In the weeks that followed, I pushed the unpleasant incident to the back of my mind and carried on with life. Soon, I began to mingle with other boys and girls. I made several friends and got busy with my studies. Six months later, Asha and her family left for Jaipur on a transfer. I felt a dull pain in my heart. For a fleeting moment, I was reminded of that incident. I remembered the ache and the rejection. I tried to analyze whether I was happy to see her leave the colony. No, I wasn’t. I was surprised to know that thinking about that incident still made me sad. But again, I dismissed the thought from my mind and continued to study and make new friends.

It has been two years since. I am now preparing for my board exams which will eventually decide which college I would get. Life is eventful. I have several friends now who have occupied a very important position in my life. We have our moments of fun, arguments and the like. I have left the past behind. But life had other plans for me.

As I was walking in my colony one evening, I saw a girl in a white dress coming towards me. As she came closer, I stopped dead in my tracks. I stared at her, unable to say anything. I was too shocked to say anything. ‘Hello Kapil,’ she said smiling at my dazed expression. ‘Why Asha! It’s you! Have you come back?’ I asked incredulously. ‘Yes I have. Father got a transfer back to Agra,’ she said not showing any hesitation to talk to me. I was again reminded of the unpleasant incident from two years ago. So I kept quiet. I thought it best not to relive the old incident. I think she understood the reason of my silence because she made an effort to strike a friendly conversation with me. Noticing the unusual lack of chirpiness in me, she said, ‘So, haven’t you forgotten the past? You know, people grow up and become mature. Then they realise their mistake and want to make amends.’ She smiled sheepishly and continued to talk to me.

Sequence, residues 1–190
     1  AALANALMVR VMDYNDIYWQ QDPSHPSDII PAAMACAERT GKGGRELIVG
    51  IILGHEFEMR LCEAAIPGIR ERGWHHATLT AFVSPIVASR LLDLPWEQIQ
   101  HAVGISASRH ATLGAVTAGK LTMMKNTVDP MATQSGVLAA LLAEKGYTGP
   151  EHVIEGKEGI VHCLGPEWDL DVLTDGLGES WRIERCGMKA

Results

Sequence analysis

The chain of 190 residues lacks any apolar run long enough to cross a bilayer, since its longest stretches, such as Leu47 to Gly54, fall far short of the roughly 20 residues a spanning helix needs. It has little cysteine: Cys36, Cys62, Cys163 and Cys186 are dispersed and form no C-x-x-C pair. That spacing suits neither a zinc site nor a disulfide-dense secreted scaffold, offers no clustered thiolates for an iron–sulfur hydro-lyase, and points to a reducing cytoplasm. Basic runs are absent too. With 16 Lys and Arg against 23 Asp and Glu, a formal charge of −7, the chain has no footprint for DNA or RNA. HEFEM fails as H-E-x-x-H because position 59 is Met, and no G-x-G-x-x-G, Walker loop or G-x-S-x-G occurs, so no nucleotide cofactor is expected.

Slowly I began speaking to her as I could see that she no longer had childish notions about being friends with me. We kept talking for a few minutes. Then she turned her wrist to check the time by her watch. ‘I should be going back home now. Mummy will be waiting for me. See you around.’ ‘Bye Asha! Nice meeting you.’ My meeting with her was unexpectedly soothing. I was glad for the way the last two years have shaped up for both of us. We have grown up and now met each other with a fresh perspective towards things. By now, I also have a large circle of friends and I would like to add her to my circle. I nodded and smiled approvingly to myself.